Satnavs which is used in millions of cars in both Europe and North America is set to get a significant upgrade due to a partnership between two mapping companies.
HERE is owned by BMW, Audi and Daimler and announced a partnership that will end to What3words in a whole host of many in-vehicle satellite navigation systems.
You shouldn’t feel bad in you never heard of HERE, it is an OEM supplier which provides technology used in over 50 million cards, most people outside the industry have never heard of it, but it is suffice to say that every 4 out of 5 cars is being sold right now uses its technology.
What3words main focus to the ease of sharing locations around the world, they have mapped the whole planet, splitting it to a three meter by three meter square, and which one have unique word name.
Which makes sharing new locations extremely easy?
Jørgen Behrens from the service HERE Technologies said: “Every car maker can now provide the What3words service to their customers through the Here Search API rather than having to integrate it themselves. This going to allow drivers to drive easily in dense, urban environments with non-standard addressing schemes or seamlessly get to any location, be it a local pub or a trailhead.”
In order to reach this level of accuracy when using satnavs, we usually have to provide exact coordinates of both longitude and latitude which is slow and cumbersome to say the least.
Most people rely on zip or postal code when setting up a destination in a satnav, although it is much easier but it usually provides a big of an area to be an accurate destination.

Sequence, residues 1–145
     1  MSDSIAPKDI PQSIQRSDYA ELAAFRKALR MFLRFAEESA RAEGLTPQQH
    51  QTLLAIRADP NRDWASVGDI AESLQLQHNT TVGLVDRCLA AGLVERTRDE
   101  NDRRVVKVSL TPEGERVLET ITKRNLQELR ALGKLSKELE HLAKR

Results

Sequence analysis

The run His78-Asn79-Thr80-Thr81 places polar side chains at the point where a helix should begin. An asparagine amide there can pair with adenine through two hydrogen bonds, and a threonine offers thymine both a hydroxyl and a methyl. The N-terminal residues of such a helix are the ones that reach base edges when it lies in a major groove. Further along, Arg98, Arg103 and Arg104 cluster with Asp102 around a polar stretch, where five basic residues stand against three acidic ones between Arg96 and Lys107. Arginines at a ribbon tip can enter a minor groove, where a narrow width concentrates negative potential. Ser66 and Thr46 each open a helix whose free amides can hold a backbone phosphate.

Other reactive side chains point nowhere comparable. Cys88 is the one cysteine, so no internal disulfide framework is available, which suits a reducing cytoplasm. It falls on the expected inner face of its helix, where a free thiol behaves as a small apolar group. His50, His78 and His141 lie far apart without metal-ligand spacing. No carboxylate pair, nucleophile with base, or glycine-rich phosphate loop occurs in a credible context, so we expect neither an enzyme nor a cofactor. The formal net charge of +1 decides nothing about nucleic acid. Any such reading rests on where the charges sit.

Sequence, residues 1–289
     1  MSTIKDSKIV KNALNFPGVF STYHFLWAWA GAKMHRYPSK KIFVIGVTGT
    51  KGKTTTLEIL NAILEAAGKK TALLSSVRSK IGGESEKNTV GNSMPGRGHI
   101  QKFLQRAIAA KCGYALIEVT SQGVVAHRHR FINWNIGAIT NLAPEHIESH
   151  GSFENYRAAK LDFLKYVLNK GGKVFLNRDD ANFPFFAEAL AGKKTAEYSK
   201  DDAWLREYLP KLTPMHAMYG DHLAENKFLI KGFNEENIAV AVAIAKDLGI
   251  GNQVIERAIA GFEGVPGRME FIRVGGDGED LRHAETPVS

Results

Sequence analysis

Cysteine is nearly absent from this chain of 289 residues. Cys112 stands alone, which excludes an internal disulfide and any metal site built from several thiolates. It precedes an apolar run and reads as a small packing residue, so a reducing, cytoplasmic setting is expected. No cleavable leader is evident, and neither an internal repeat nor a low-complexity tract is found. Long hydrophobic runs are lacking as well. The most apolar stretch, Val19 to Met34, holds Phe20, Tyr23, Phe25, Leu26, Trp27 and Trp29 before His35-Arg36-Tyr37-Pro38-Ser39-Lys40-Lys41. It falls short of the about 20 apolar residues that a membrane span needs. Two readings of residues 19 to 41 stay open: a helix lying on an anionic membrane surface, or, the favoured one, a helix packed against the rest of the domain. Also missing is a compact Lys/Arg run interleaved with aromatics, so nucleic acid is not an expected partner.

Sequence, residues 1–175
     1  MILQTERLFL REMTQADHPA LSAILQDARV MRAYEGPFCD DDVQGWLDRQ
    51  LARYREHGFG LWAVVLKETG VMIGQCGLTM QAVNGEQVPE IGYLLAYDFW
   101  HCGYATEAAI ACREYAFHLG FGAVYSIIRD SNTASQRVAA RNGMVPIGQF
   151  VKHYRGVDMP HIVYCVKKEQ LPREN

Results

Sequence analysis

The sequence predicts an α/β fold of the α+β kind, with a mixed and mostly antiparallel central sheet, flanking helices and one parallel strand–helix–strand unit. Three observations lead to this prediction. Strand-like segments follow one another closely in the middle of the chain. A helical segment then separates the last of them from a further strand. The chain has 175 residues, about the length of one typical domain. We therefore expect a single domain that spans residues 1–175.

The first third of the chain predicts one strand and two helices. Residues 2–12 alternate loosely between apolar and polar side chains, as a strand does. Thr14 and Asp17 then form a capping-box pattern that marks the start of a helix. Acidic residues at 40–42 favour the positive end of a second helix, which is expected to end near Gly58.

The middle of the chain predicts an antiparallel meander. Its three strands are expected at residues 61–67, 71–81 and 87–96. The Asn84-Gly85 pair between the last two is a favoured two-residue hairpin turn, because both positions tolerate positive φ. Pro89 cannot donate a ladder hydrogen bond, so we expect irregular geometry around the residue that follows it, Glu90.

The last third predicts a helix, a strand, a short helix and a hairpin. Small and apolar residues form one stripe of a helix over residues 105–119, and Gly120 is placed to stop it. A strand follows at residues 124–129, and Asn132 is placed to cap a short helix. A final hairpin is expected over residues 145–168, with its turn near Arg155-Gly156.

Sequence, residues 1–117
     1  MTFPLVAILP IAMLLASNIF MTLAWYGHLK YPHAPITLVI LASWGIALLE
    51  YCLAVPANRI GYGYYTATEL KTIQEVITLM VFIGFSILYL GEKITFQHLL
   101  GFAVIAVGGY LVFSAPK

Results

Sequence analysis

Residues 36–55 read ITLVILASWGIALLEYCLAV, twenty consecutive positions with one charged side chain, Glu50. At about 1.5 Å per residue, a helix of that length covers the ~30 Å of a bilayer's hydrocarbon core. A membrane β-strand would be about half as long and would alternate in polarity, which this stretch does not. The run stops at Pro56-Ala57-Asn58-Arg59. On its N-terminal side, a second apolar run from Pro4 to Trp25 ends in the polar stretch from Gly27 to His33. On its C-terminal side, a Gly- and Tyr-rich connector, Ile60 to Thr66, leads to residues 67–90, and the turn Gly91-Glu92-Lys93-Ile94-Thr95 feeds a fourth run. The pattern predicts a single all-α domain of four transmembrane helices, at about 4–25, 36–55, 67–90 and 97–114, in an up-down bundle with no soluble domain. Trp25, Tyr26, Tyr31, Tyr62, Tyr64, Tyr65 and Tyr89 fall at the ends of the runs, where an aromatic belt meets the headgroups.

HERE and What3words say that by integrating their systems together, drivers can speak with any of the 35 languages or simply type 3 words into t heir satnav to set a destination
Most emergency services already use What3words’ system, but they didn’t find much use in the mainstream, probably because Applications like Whatssap have very user friendly way to sharing locations when you want to find your mate on the move.
Business that are located in the middle of nowhere can now easily share three words which will help their clients find their way to them. One case proves to be very useful with are temporary events such as music festivals, which usually have multiple entrances and spread out in a geographic areas that have minimum to no signage at all.
This new system will be available as an add-on for existing HERE’s clients and can be easily incorporated for new clients as well. Although at this time, it is not clear which car manufacturers are going to offer this service.
There are reasons why car manufacturers feel reluctant to implement such services; they don’t want to spend internal resources developing it. They would rather benefit from the enhancements HERE brings to the table.
HERE reported that they are working on upgrading cars that have already HERE on their system, and updates should ruling out soon.